"I assume everyone understands how foolish this is," Qildor said.
Rowley's eyes flashed as he looked at Qildor. "A lot of things we have done is, according to you, foolish. At first, the adventurer's guild was a silly idea, but now some of your very own people have become adventurers," Rowley said, staring at Qildor. "But I respect if everyone here decides to veto it," Rowley said with a sigh, leaning back and looking at the other races.
Aldrynte sighed. "So, I assume you put it on a veto?" she asked, looking at the elf.
"Yes," Qildor said, nodding.
"Very well. Everyone who agrees to veto it, raise your hand," Aldrynte said.
I looked around the room, almost expecting everyone to raise their hand. But for my surprise, only elves and dwarves had raised their hands.
"Veto has failed. Hero, you can begin settling fire giants at the other side of the wall," Aldrynte said, giving me a warm smile.
"May I ask, why you didn't vote for it?" Qildor asked, looking directly at the orcs.
"Human king said it already. You haven't even been at the wall for a while. But we have seen the fire giants. Some of us have even worked with them," Xorakk said, smiling.
Borug grinned. "They ain't bad lads. We have seen a lot of things from the wall. But this, my friends, is something I've never seen before. Our hero might be young, inexperienced and new, but he knows what he is doing," the youngest Orc said.
I smiled and gave the orcs a slight nod.
Qildor sighed. "So be it. But since I don't trust them, I'll send some of my elves to protect the Kirkwall," he said.
"Be our guest," Xorakk said, reaching out his hand.
Aldrynte coughed once more to get attention, finally looking at me. "Anything else, Hero?"
I nodded. "Yes. One small thing."
To be quite frank, it was a huge deal. It took me a while to reach a decision that I should tell that to them. Mostly because telling them will affect me as well. But I couldn't just keep it as a secret.
"Go ahead," Aldrynte said, nodding.
I stood up once more. "I talked with fire giants. Apparently the strongest demon who I defeated was not the strongest. There's this real king. Or as they like to call him: The Supreme King. Silly title, if you ask me.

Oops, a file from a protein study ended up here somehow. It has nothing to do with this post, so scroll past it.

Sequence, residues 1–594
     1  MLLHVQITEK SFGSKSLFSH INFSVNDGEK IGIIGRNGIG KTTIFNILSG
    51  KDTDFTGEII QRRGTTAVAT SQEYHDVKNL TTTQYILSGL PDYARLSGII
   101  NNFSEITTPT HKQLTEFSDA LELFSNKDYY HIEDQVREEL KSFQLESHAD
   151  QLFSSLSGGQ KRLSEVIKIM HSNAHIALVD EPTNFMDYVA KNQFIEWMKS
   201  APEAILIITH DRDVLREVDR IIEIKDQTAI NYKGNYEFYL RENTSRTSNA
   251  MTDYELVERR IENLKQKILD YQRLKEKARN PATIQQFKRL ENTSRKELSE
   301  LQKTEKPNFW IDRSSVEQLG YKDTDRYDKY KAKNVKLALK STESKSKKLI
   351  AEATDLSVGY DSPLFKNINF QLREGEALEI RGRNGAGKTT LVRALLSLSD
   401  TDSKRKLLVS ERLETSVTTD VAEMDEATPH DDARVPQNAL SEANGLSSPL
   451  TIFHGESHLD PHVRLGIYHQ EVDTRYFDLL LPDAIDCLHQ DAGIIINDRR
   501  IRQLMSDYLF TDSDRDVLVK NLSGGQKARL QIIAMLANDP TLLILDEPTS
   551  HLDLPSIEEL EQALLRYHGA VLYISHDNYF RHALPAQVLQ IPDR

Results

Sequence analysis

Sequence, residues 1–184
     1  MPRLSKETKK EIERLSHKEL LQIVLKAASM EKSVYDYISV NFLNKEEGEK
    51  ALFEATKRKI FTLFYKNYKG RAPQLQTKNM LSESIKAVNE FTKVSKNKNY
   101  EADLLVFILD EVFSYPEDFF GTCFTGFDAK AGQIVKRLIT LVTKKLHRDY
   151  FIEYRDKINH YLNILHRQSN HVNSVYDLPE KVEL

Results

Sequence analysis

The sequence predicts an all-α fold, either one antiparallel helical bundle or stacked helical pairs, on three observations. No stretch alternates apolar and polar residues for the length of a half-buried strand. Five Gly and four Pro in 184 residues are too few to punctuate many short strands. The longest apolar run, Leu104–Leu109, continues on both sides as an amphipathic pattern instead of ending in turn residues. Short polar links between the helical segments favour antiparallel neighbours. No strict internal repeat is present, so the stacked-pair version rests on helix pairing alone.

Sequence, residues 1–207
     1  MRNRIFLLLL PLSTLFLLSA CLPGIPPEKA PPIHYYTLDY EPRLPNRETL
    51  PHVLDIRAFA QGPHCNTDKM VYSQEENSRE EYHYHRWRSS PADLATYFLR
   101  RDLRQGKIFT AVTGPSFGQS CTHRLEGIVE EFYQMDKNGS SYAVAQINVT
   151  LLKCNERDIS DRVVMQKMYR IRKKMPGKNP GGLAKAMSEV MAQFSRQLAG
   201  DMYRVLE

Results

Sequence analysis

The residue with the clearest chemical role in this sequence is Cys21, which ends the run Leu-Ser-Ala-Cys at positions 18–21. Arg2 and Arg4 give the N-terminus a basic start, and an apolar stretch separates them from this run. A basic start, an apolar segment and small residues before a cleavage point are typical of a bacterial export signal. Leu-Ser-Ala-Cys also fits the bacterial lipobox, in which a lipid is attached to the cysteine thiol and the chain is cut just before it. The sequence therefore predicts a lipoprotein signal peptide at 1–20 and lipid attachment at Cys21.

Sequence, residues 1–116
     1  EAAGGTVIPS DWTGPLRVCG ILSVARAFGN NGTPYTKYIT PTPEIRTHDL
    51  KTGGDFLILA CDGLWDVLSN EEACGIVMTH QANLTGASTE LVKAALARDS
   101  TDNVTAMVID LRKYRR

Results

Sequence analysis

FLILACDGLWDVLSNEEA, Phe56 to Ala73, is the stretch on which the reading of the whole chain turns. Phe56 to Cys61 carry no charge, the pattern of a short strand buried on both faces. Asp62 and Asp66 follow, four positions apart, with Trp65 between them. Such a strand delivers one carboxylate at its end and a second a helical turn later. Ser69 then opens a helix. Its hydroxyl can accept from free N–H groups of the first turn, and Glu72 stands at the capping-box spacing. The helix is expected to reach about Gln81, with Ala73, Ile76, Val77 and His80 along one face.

"He's beyond the mountain, and he's apparently a lot stronger than any other Demon King that has ever lived. But he likes to stay in the background and appoint a new fake Demon Kings. For him, we are like his playground. All of this is just a game."
The room went silent. Everyone just stared at me, not sure what to say. After a cough, it was Qildor who opened his mouth slowly, thinking of what to say. "That's impossible," he said.
I could've stopped him right there, and already explain everything since I knew what he was going to ask. But I stayed silent so he could continue and say out what was in everyone's mind.
"After The Volcano, there's nothing. Evil's Castle is the last thing standing. It's the furthest point one could go. Many adventures have shipped around the mountain just to see if there was a possibility to sneak behind the enemy lines. But there's nothing. Even that trip around The Volcano was dangerous because of the flying demons trying to destroy the ship. In the end, there's nowhere to go or hide. There's bad weather, there's an ever falling ash, and there's a sickness that will board any ship circling The Volcano. Maybe they could hide inside the volcano, but we all know that's also impossible," Qildor explained as he looked at me and everyone else, intensely. They all looked at Qildor, except Aldrynte who looked at me, a smile on her lips.
"Yes," I said, nodding, looking back at Aldrynte, but just for a moment. "That's what I thought as well. But then I heard something ridiculous. Impossible, I thought. But it turns out that the impossible is the truth."
"And what's that?" Rowley snapped, wanting some answers.
"It's all an illusion. Well, not all of it, but most of it," I said it out, trying to stay serious.
"You're fucking kidding me," Daloden said as even he stopped petting his beard.
I smirked. "The Volcano is stupidly tall and steep because we shouldn't try to climb it. The Volcano seems to be erupting all the time because it needs to look dangerous. We don't want to die, after all. And the sides are constantly colored by lava so nobody would try to circle the volcano on foot. And it has worked," I said, looking at Daloden.
"Are you saying that during our whole history, there has nobody been powerful enough to see through such illusion? You're saying that someone has kept such powerful illusion up every single day? And you're saying that nobody hasn't been stupid enough to try to climb The Volcano?" Qildor said, looking down at his table, half facepalming.
"No, and yes. First of all, we have reached The Volcano in a mere hundred year or so. Until then we've been slowly pushing towards it. I'd assume that back then such illusion wasn't necessary. But yes. That just proves how powerful the real Demon King is. And I think there's definitely someone who has tried. But they have never made it back to tell the tale," I said, looking at Qildor.